I have flown into TGU on a number of occasions, both in the cockpit and as a passenger. It is far less scary in the cockpit than as a passenger, that much is for certain. Here is why:
TGU sits in a valley, with high mountains all around. There is an opening between the mountains at the north end of the valley through which you make your approach and you make your departure. I will now give you the briefing for the VOR/DME
RWY 01 approach at MHTG.
This chart comes directly from the USAF
NIMA files, based on the DAFIF filed every 28 days. The initial approach brings you in over the airport at 19000 feet. You decend in a circling pattern down to 9000 feet and roll out on a heading of 198 inbound to the Toncotin VOR, crossing the VOR at 9000 feet. You depart the VOR outbound on the 198 radial to 7 DME
from the VOR. This leg must be flown very precisely, because you have high terrain at all all quadrants up to 8500 to the west, 7900 to the south, 8600 to the north and east.
Once you are at the 7 DME
, you make a right turn to 243 degrees for one minute, and descend to 8000. At the end of the one minute leg, you do a procedure turn back on a heading of 063 back toward the 198 radial, but this time, you will be flying inbound toward it. Once the 198 radial starts to come into range, execute a left turn onto heading 018 degrees and descend to 6700 feet. You should be at 6700 feet by five miles from the Missed Approach Point. In addtion, on your way down, there are terrain obstacles within 1/4 mile of your course line, beginning at the 5 DME
inbound, three obstacles at 5446', 5660', and 5118 feet respectively. Then you have the final approach.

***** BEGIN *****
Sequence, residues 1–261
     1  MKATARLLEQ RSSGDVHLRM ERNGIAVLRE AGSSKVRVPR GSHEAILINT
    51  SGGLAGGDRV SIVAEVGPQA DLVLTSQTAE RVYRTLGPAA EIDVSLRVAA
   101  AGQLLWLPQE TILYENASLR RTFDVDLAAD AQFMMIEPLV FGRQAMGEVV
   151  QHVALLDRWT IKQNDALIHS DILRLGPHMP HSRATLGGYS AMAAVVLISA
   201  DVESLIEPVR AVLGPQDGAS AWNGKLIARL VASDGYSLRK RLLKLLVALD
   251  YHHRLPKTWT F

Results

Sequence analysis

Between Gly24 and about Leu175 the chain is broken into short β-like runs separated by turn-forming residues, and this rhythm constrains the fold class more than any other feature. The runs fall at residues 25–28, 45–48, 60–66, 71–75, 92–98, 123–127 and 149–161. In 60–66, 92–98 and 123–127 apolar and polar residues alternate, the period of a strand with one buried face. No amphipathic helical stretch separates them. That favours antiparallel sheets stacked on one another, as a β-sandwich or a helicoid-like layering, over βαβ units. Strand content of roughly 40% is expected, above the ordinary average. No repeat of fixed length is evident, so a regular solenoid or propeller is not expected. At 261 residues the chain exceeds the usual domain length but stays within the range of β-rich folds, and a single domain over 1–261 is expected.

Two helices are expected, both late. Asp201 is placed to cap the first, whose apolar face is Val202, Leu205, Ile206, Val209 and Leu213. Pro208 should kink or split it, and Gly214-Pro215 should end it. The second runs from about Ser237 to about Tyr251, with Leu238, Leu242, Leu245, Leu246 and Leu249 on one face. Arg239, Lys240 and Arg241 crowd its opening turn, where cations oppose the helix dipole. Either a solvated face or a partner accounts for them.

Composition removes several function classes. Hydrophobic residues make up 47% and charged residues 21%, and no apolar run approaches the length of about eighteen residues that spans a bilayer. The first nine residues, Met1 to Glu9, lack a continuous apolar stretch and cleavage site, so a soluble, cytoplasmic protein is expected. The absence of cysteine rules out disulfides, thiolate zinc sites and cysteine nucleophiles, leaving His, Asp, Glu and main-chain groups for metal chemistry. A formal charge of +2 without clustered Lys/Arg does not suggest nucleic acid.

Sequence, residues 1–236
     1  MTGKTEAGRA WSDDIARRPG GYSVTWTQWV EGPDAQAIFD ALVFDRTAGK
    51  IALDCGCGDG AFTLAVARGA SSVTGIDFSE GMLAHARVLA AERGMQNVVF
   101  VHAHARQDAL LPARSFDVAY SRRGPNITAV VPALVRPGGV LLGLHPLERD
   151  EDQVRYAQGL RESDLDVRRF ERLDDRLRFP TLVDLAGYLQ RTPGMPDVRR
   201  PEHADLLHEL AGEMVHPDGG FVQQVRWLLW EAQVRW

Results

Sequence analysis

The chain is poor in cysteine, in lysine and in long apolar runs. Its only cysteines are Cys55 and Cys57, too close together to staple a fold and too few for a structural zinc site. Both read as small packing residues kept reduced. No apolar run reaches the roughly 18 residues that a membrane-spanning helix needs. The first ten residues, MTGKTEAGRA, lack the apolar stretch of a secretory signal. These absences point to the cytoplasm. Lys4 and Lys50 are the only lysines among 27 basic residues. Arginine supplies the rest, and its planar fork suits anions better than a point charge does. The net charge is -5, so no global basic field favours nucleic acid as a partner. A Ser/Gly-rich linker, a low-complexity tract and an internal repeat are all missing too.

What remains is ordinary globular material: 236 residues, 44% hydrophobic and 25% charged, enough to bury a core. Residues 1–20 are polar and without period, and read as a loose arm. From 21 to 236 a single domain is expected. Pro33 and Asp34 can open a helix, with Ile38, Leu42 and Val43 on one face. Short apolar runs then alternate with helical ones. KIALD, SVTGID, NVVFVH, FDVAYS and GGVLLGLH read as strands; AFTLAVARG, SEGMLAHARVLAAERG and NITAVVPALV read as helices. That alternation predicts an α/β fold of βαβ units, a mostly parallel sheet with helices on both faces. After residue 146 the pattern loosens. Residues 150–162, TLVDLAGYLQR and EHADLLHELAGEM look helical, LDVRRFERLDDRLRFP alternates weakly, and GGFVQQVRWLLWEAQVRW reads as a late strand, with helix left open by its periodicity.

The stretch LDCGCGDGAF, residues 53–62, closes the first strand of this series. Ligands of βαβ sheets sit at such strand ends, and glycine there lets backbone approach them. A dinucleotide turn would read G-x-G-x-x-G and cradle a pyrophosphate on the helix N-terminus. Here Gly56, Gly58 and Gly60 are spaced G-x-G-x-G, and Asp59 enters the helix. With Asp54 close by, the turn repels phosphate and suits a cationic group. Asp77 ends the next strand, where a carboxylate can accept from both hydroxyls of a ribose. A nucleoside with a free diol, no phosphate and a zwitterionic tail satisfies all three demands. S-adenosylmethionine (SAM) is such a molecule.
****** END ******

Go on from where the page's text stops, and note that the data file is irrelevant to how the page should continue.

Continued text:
Here is where it gets sticky: From the chart: "WARNING: Terrain located out to 1.6nm from runway 01 threshold, left and right of centerline., from 3465 MSL to 4013 MSL. Highest terrain left of centerline located 463' left and 1.5nm from threshold at 4013MSL. Highest terrain right of centerlilne located 293' right and 1.6nm from threshold at 3983 MSL. The touchdown zone is 3294 MSL with a 1 degree slope down. The landing zone is 5462'. The missed approach point is 1.6nm from the threshold and you must be at least 1000 ft above 3983 MSL for safe clearance of the terrain. From the chart: "WARNING: Extreme rate of descent may be required if the runway not sighted until the MAP (1368ft/nm).
In other words, as you get closer to the airport, the terrain closes in on you from both sides and comes up on you from below. At 1.6nm, you finally clear the obstacle at 3963 feet, but you need to be at 4963 feet to clear it. Then you have 1.6nm to get down to 3300 feet over the threshold. The target is 700 feet down the runway. When you touch down, you have about 5000 feet of runway left. If you overshoot, there is a 300 foot cliff at the end of the runway. There is a road that runs directly underneath the end of the runway, followed by a ravine that continues down another 400-500 feet. At the end of the runway, there is a 200 foot gravel zone, then a fence, then the cliff.
At MHTG, you often go missed the first time. If you miss, the procedure is to climb to 6500 feet via the TNT VOR 008 radial remaining within 6.5nm, then a left climbing turn to 9000 feet directly back to the TNT VOR, then outbound again on the 198 radial for your second attempt.